The granting of patents for transgenic animals and plants as well as for parts thereof and for processes and products derived from them

In addition, under the initiative, research projects in the field of genetic engineering will require official approval. The applicant will have to prove that the project is both useful and safe, that there are no alternatives and that the proposed research is ethically responsible.

If the initiative is approved this weekend, there will be far-reaching consequences for scientists as well as for the pharmaceutical, agro and food industries. Not only will research in molecular biology and medicine be deprived of important tools and the industries dependent on transgenic animals driven out of Switzerland; research in plant genetics, including the modern seed industry, could be killed off.

From a cultural point of view, acceptance of the initiative would set a precedent for a paradigm change in science policy. Knowledge-oriented research would become impossible because the applicant for a research project would have to prove its usefulness. In addition, the initiative attempts to significantly narrow the freedom of research by handing decisions on future research directions to a political, non-research-minded constituency.

The reasons motivating the supporters of this initiative are manifold and ambiguous. On the one hand, there is a fear that the transfer of genes from one species to another one might have disastrous ecological consequences. On the other hand, there is a belief that the technical manipulation of the genome of any kind of organism insults that organism's inherent dignity. Small farmers as well as so-called organic farmers and religious groups (creationists) are among the initiative's supporters. Those eager for a different political system, people with a deep distrust in our modern civilisation, are also behind it. Such people fear the instrumentalisation of nature; they demonstrate against globalisation, the modern world's overemphasis on purely economic values and unemployment. In other words, the initiative stands in as a scapegoat for widespread dissatisfaction with the late 20th century.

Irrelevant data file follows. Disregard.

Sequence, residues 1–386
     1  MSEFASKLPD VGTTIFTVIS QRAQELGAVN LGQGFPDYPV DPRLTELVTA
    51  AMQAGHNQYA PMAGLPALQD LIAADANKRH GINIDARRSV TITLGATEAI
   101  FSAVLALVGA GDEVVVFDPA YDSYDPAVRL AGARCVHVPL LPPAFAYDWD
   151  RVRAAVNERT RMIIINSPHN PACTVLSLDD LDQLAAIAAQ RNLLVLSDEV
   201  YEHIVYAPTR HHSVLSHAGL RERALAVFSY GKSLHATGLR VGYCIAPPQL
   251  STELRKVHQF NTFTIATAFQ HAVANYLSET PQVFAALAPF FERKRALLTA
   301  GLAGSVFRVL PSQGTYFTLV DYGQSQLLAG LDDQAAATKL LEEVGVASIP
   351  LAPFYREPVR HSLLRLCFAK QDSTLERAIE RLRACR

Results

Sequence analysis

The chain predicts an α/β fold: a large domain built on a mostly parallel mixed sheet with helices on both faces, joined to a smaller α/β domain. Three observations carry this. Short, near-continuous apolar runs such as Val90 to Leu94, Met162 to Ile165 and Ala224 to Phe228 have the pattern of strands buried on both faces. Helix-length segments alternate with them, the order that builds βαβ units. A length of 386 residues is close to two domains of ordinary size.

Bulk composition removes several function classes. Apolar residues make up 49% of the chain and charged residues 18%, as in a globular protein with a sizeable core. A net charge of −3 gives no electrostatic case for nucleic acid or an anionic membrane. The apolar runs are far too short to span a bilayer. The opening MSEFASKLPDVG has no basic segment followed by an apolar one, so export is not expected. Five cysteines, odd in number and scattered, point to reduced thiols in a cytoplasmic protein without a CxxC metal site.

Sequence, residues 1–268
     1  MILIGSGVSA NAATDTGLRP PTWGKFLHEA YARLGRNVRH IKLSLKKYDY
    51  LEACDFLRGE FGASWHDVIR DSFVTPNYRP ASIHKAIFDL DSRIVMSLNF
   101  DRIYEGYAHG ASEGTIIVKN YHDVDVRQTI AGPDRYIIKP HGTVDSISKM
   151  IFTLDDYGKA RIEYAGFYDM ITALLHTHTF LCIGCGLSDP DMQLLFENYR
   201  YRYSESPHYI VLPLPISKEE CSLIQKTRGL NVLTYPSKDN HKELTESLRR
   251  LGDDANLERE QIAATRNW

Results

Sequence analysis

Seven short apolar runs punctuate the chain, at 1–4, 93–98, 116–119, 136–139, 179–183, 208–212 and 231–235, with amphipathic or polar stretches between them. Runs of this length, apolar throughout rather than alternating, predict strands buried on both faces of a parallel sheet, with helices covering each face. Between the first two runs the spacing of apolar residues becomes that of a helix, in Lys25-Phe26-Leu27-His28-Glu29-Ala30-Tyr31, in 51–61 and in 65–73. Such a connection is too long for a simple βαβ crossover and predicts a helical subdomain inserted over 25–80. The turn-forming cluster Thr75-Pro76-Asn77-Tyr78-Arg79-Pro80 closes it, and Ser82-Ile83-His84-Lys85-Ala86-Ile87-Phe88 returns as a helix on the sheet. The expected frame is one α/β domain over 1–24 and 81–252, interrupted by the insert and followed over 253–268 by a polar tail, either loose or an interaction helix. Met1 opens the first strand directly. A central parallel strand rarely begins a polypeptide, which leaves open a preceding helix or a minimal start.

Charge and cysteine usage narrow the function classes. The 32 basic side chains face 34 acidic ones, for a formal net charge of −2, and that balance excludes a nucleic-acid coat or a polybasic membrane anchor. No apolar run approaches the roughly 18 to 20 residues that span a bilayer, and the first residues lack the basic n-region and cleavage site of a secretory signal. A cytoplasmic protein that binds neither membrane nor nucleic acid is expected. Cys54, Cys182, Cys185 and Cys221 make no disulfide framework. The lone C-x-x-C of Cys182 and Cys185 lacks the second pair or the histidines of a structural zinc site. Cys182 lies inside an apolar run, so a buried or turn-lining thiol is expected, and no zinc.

While parliament, government and the majority of the political parties recommend a rejection of the initiative, it has found a lot of sympathy among the Swiss public. Most scientists have also taken a stand against it. Never before have so many information campaigns, open door events and demonstrations in favour of research been seen. Yet the opposition is also well organised and their arguments are based on fear.

It is likely that the initiative will be defeated, but even before the outcome of this weekend's vote is known one lesson has already emerged: citizens of a highly complex society ought to be aware of the basics of scientific and technological developments. New ways of partnership between the different constituencies of modern society have to be found in order to ensure that each trusts the other. If this initiative becomes a starting point for a cultural and political change at the threshold of the 21st century, Switzerland might have gained something from it.

Jakob Nuesch is president emeritus of the Federal Institute of Technology, Zurich.